This project will make an initial assessment of the likelihood of transfer and establishment of INNS through bulk water transfer by assessing how established INNS communities differ between a range of bulk transfer inlet and outlets points. This will identify key species for further assessment. Further work will be based on the North Tyne to Hallington Reservoir transfer system managed by Northumbrian Water. This will measure the physical stresses encountered during transit through the water transfer process. The laboratory element of the project will then assess the effects of the measured stresses on the survival and viability of selected INNS, including their different life stages and key associated pathogens. These will include the non-native American Signal Crayfish, Pacifastacus leniusculus and the associated crayfish plague Aphanomyces astaci, which already pose a risk to the native White Clawed Crayfish, Austropotamobius pallipes in this system.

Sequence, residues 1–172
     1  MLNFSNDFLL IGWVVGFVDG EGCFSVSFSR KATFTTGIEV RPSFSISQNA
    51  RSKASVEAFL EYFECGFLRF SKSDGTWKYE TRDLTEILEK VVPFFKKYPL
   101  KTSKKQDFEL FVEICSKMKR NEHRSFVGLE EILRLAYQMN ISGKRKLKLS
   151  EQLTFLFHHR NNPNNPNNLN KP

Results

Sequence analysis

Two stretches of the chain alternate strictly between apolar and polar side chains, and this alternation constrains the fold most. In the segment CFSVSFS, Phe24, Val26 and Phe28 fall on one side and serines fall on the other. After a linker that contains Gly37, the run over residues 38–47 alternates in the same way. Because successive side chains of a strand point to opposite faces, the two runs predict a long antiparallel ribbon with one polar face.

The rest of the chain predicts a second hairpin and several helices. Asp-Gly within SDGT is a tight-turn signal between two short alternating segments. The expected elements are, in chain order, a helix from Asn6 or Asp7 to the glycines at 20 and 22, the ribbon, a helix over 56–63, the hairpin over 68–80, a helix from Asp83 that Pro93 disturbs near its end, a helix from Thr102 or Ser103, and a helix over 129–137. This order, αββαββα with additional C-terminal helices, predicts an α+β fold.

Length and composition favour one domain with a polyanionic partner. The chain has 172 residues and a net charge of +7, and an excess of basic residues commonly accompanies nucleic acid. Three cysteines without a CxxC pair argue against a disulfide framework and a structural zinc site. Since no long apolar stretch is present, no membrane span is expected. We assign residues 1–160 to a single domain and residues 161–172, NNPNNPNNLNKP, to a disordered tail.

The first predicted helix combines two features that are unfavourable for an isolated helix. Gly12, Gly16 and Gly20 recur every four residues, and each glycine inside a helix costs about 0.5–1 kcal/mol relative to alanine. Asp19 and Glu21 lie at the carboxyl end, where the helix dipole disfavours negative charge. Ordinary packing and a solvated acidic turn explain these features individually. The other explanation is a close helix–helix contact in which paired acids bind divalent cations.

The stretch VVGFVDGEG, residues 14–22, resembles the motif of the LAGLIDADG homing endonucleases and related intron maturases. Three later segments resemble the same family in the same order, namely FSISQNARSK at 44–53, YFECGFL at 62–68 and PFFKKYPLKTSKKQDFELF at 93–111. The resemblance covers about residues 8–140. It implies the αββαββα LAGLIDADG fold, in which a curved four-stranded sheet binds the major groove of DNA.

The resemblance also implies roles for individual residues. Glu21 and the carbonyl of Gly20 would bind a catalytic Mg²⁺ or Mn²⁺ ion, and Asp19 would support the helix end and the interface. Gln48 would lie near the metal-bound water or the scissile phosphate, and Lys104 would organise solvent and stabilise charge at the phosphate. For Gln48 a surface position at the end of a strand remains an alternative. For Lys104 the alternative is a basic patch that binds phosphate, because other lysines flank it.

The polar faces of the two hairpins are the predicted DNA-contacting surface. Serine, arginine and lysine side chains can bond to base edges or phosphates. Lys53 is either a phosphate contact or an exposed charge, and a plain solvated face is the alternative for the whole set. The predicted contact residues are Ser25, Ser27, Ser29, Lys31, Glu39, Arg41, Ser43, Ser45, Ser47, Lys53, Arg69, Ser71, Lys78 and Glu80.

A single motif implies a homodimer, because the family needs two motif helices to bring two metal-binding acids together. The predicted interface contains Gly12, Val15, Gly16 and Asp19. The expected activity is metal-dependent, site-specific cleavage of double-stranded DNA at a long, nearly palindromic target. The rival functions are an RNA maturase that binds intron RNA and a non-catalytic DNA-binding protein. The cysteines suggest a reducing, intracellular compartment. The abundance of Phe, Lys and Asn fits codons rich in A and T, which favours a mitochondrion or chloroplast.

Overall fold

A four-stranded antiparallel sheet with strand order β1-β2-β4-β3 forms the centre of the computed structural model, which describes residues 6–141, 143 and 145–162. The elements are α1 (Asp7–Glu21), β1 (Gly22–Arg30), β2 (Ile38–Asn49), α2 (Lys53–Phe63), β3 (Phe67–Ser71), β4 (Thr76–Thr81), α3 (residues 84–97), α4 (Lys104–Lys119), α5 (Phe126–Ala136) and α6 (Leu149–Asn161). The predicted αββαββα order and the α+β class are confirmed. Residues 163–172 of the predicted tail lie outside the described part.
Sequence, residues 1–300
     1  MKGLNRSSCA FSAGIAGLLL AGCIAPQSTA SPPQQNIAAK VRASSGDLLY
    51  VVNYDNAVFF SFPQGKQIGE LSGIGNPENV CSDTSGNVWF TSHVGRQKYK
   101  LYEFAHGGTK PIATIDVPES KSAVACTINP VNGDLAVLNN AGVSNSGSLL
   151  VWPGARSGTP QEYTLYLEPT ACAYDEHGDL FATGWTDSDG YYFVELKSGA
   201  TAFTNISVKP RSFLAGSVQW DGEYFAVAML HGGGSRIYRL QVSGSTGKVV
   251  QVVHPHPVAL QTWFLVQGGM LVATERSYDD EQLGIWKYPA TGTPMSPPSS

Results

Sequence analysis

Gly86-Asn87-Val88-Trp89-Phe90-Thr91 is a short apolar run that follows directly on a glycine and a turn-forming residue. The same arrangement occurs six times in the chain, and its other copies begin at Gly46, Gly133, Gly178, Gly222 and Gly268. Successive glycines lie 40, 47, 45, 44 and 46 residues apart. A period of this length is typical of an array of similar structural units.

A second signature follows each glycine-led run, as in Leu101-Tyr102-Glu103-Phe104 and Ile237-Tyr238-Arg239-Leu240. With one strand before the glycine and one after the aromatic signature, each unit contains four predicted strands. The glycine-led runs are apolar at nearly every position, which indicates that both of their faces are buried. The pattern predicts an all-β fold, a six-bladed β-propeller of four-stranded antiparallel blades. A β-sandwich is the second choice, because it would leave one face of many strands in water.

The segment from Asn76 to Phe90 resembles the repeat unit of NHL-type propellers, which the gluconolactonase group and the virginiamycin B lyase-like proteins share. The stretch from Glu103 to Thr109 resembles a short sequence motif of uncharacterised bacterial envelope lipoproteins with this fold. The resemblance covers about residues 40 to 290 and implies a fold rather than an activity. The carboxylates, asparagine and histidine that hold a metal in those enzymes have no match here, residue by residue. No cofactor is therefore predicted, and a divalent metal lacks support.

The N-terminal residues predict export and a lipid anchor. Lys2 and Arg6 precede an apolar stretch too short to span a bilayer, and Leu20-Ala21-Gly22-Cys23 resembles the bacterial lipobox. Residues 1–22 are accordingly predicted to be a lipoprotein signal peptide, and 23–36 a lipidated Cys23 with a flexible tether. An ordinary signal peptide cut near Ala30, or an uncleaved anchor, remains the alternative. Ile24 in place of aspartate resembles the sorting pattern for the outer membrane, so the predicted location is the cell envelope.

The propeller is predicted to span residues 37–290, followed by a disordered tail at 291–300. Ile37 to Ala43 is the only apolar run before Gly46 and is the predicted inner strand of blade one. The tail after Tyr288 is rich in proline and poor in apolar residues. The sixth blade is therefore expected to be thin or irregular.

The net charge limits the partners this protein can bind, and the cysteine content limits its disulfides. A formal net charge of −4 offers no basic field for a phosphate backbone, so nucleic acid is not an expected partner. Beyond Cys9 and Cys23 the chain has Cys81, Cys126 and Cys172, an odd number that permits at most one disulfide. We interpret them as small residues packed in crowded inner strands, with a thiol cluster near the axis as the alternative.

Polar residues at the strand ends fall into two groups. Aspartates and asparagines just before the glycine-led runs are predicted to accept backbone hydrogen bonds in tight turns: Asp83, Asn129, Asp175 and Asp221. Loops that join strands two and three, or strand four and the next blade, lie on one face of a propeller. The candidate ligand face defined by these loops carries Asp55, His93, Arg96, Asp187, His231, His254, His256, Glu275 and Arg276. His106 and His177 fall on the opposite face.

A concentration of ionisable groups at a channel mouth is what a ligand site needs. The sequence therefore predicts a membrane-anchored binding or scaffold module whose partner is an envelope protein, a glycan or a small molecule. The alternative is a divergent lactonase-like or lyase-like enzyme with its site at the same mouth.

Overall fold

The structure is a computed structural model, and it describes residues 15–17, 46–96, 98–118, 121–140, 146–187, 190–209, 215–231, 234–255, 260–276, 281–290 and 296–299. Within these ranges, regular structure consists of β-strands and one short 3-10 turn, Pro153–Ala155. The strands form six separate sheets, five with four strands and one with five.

It is expected that the work will also include assessment of a freshwater plant and a mollusc based on initial findings. These findings will then be used to assess the risks posed by bulk-water transfer in this system, and the potential mitigation methods in association with Northumbrian Water. Northumbrian Water will be the CASE partner for this PhD, providing financial and logistic support and advice together with a placement for the selected student.
This project is part of the ONE Planet DTP. Find out more here: View Website